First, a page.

Kids: don’t race when you’re sick. Or even when you’ve been sick, or think you might be getting sick, or feel funny at all. It’s dumb. Don’t do it. Stay on the bench.

Things Are About to Get Nerdy, or, I Was Right.

Every once in a while I read something that really gets me excited. There can be multiple reasons for this: maybe it’s really good journalism, or maybe it’s just an interesting and unusual story. Maybe it’s amazing science.

I recently read a Grist article: “Leaked document shows EPA allowed bee-toxic pesticide despite own scientists’ red flags.” I got really, really excited. It was the most exciting thing I had read in at least a week. And let me tell you, that was no small feat, considering the excellent piece of Nat Herz’s that I was asked to edit.

The article was about how, despite the fact that their own scientists believed that the pesticide clothianidin is toxic to honeybees, the Environmental Protection Agency (EPA) pushed through approval of the pesticide, and it now being used on millions of acres of staple crops like corn throughout the U.S.

As the title suggests, someone leaked a document showing the EPA scientists’ concerns over the pesticide – and the shoddy science that had been used to justify its safety. Thanks, Grist; that is good journalism. The EPA definitely hasn’t been the watchdog that it ought to be in the last, well, long time. You should read the piece just for the muckraking.

But besides the good journalism and interesting story, I got excited about something else. The whole scientific premise of why clothianidin is bad for bees is that it is expressed in plant pollen. The bees then eat the pollen, and, well, probably die. End of story.

Why is this cool?

A long time ago – or it seems that way to me – I had an idea. I was out in Colorado the summer before my junior year of college, working at the Rocky Mountain Biological Laboratory and trying to brainstorm ideas for me senior thesis, which I’d be working on the next summer. After wandering around in the mountains a fair bit, I formulated a hypothesis and presented it to my advisor.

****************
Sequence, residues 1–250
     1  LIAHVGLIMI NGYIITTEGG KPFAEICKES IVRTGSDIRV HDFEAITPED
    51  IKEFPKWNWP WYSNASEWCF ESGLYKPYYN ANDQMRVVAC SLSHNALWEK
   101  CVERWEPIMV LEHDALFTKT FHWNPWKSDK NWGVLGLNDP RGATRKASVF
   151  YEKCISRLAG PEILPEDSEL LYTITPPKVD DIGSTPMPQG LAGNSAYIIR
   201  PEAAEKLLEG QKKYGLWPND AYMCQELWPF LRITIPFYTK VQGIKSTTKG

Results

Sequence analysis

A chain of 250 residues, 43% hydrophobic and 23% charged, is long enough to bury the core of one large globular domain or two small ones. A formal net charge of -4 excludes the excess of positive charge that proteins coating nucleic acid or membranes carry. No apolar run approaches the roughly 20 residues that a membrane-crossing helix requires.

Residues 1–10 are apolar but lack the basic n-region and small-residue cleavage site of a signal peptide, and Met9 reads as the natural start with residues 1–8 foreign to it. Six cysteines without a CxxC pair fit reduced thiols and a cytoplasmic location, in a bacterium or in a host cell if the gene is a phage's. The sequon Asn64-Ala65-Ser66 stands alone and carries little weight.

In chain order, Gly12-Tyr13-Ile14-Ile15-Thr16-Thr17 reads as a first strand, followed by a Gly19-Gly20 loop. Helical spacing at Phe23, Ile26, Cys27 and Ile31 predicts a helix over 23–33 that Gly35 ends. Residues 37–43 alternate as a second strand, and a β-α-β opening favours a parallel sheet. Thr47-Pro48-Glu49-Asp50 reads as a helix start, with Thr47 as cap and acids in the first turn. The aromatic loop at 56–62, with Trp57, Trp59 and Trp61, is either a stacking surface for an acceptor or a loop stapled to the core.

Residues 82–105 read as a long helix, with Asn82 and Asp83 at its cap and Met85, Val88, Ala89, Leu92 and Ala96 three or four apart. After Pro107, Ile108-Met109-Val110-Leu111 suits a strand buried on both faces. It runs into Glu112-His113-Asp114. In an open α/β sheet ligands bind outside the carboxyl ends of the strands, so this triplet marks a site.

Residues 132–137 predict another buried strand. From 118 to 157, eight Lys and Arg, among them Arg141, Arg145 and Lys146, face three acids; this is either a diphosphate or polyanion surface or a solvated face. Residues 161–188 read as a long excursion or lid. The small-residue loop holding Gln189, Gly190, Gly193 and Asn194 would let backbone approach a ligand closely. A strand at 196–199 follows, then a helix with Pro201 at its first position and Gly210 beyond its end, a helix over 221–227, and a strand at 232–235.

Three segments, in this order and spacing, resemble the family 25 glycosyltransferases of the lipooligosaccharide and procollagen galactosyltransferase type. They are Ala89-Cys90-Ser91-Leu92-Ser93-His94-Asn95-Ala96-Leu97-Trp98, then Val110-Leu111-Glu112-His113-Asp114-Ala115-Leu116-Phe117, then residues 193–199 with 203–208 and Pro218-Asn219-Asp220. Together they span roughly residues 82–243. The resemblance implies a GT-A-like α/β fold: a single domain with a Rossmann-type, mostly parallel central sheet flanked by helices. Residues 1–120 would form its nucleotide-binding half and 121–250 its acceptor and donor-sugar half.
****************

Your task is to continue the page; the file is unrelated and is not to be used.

The Rockies are littered with old abandoned mines: silver mines, nickel mines, gold mines, molybdenum mines, copper mines, you name it. The tailing piles at some of these sites are filled with metal-rich soil, on which plants eke out a tough existence. My question was, what if the plants take up the metals into their tissue? And what if those metals are expressed in nectar and pollen? And what if bees forage on that nectar and pollen? What then? Do they have higher body metal loads? Do they die? Do they evolve tolerance?

My first vision was of running around catching bees and testing them for body metal loads. This was immediately rejected as impractical. First of all, bees have a very wide foraging range, so trapping one that happened to be flying through a mine site wouldn’t mean that it hadn’t just eaten a nice pollen snack from a pristine flower on the other side of the ridge. Secondly, bumblebees – the bees I was most interested in – are generalist foragers. So basically, you’d have to catch a lot of bees before you could be sure you had some who were actually foraging on the plants you cared about. And given the expensive nature of metals testing, that wasn’t much of an option.